One of my clients came to me for help getting more writing done and out the door. In our initial meeting, one of the things that came up was that he felt like publishing his work was a bit like sending it out into the void. It felt almost pointless.
I suspect he is not alone. I have certainly heard other people grumble about pressure to publish with comments like “No one reads journal articles anyway. Why should I bother?”
No wonder you aren’t publishing much
If you believe no one reads journal articles, then it makes perfect sense.
Really. Perfect sense.
You aren’t lazy.
You don’t lack focus.
It isn’t that your research isn’t good enough.
You may or may not be a perfectionist who has trouble letting stuff go.
Fear of rejection may or may not be an issue for you.
If you believe that no one reads journal articles, then publishing your research in academic journals is a pointless waste of time.
The stories you tell are important
“People think that stories are shaped by people. In fact, it’s the other way around.”
― Terry Pratchett, Witches Abroad
By telling a story that no one reads journal articles you make it hard for you and others to write journal articles.
I bet you read journal articles. I bet you have an even longer list of journal articles you want to read. If you walked down the corridor and asked your colleagues, I bet every single one of them also reads journal articles (and wishes they had time to read more). Every article you read cites other journal articles, which the author has presumably read, probably more than once. That author has probably also read journal articles that they didn’t end up citing (this time).
You may recommend journal articles to students, graduate and undergraduate. You may include them in the required reading for your courses. You may require students to have read and cited a certain number of journal articles in the essays they write for you. Your list of journal articles you wish you had time to read (or journals you wish you had time to skim to see if there are any articles you wish you had time to read) probably includes some you think may be relevant to your teaching.
You are not an outlier. Other academics will see themselves in those 2 paragraphs. Ergo, people read journal articles.
Furthermore, when I first published the earlier version of this post one of the comments I got was from a journalist I follow on Twitter. At that time she was writing for the social affairs section of a major Canadian news organization. She said she read journal articles all the time. She would contact researchers to ask for copies if she saw an abstract that looked interesting. She would interview researchers. She would follow the work of researchers and read later work. She was doing her job. The fact that journal articles were hard for her to access or written for an audience other than the audience she was writing for did not stop her from doing her job.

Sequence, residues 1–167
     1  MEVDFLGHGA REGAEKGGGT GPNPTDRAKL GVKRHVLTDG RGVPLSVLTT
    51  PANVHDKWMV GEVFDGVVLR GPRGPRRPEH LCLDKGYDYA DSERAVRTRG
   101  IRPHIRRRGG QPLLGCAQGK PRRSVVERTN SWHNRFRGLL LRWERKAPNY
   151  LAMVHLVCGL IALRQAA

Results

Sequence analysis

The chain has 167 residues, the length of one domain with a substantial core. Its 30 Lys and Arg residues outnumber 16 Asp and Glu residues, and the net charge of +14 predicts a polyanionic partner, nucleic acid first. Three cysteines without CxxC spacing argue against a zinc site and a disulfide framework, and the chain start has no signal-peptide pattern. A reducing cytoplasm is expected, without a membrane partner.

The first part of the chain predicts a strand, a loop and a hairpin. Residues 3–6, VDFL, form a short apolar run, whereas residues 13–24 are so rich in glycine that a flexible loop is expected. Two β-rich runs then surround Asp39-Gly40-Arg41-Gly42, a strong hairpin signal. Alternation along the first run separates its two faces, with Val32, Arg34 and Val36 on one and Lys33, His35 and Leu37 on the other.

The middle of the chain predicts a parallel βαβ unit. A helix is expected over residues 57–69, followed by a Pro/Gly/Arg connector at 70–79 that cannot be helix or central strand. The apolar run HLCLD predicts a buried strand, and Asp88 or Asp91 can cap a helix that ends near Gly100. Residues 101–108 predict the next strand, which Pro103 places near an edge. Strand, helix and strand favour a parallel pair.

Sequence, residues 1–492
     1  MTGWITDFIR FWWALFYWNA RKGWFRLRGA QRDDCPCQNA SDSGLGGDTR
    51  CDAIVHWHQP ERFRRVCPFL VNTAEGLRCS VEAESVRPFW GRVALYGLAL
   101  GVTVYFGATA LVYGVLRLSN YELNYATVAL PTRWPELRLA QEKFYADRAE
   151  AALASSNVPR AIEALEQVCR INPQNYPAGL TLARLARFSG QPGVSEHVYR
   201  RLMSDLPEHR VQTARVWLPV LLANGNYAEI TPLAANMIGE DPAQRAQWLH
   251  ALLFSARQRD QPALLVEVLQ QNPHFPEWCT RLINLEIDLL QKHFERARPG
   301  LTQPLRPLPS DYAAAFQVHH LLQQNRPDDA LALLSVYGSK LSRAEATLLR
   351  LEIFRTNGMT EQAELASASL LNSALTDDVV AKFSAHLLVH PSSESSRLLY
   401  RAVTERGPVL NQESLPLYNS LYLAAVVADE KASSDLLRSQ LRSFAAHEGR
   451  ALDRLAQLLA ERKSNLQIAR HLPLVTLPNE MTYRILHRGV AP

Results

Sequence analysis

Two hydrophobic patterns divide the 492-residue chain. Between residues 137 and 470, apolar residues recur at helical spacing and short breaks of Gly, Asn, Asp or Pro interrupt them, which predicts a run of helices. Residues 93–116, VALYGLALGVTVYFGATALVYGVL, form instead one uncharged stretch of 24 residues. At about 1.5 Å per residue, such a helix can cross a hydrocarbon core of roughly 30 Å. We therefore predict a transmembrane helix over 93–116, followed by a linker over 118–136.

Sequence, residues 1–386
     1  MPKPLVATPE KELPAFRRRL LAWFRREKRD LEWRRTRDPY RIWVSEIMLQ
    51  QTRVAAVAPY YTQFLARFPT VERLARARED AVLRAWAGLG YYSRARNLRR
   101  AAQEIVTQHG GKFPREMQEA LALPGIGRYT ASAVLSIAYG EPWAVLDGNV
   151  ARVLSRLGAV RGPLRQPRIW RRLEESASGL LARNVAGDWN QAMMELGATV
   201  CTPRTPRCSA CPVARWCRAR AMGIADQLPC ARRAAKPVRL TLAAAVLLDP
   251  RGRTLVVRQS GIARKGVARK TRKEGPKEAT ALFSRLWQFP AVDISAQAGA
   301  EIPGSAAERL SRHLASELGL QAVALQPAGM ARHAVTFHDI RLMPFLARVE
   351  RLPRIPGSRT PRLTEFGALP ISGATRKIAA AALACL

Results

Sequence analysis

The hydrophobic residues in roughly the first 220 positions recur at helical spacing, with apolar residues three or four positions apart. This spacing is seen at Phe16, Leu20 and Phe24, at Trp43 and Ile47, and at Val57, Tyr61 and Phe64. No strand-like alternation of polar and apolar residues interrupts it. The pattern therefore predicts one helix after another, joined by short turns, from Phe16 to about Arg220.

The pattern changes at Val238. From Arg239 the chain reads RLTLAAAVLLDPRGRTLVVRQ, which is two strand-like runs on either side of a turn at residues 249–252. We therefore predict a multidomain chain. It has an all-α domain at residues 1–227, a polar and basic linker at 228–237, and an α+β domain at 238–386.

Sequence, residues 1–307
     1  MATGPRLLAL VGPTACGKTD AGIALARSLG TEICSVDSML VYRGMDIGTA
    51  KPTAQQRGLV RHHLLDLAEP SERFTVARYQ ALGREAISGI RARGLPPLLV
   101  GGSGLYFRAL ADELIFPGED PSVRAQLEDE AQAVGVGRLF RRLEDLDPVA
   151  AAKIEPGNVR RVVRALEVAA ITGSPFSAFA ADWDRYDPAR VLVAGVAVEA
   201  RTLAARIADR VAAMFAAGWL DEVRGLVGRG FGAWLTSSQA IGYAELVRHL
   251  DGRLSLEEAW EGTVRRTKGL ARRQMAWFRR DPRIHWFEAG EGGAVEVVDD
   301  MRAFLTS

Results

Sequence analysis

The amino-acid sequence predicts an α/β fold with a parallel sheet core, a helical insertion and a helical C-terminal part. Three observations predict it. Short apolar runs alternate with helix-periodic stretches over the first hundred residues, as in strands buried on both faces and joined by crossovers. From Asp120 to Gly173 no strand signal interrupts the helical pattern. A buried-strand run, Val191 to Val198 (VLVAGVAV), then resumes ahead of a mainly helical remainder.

How do you move forward?
Start by telling a different story. Use the facts in the previous section as the basis for this story.
You don’t need everyone to read journal articles. You don’t even need lots of people to read journal articles. When that gremlin appears with a list of examples of people who don’t read journal articles or won’t read your journal article, ask yourself if you care about those specific people.
You only care about some people reading your journal articles. That may be a very small group of people a bit like you but that’s okay. Knowledge in your field advances by people in your field writing about things, sharing their well thought out ideas and evidence by publishing in journals, reading each other’s articles, thinking about them, doing more thinking and research, writing and publishing another journal article, rinse, repeat…
Think about those people, the people they will recommend your article to, the courses they will teach, the graduate students they will supervise. They will read your journal article. Write for them.
You may also care about reaching others: practitioners, policy makers, the general public. Journal articles may not be the right way to reach them but that just means you need to do more than write journal articles. If you don’t care about communicating with other scholars in your field, and publishing in peer reviewed journals is one of the criteria used to evaluate your performance, then you should seriously question whether you are in the right profession.
Are 90% of academic papers really never cited? Reviewing the literature on academic citations by Dahlia Remler debunks some of the myths.
Scholarly Publishing (A Short Guide) available in eBook or paperback.
A version of this post was first published on 26 April 2010. It has been heavily edited and earlier comments have been removed. Additional related posts added 6 July 2017 and 8 October 2019.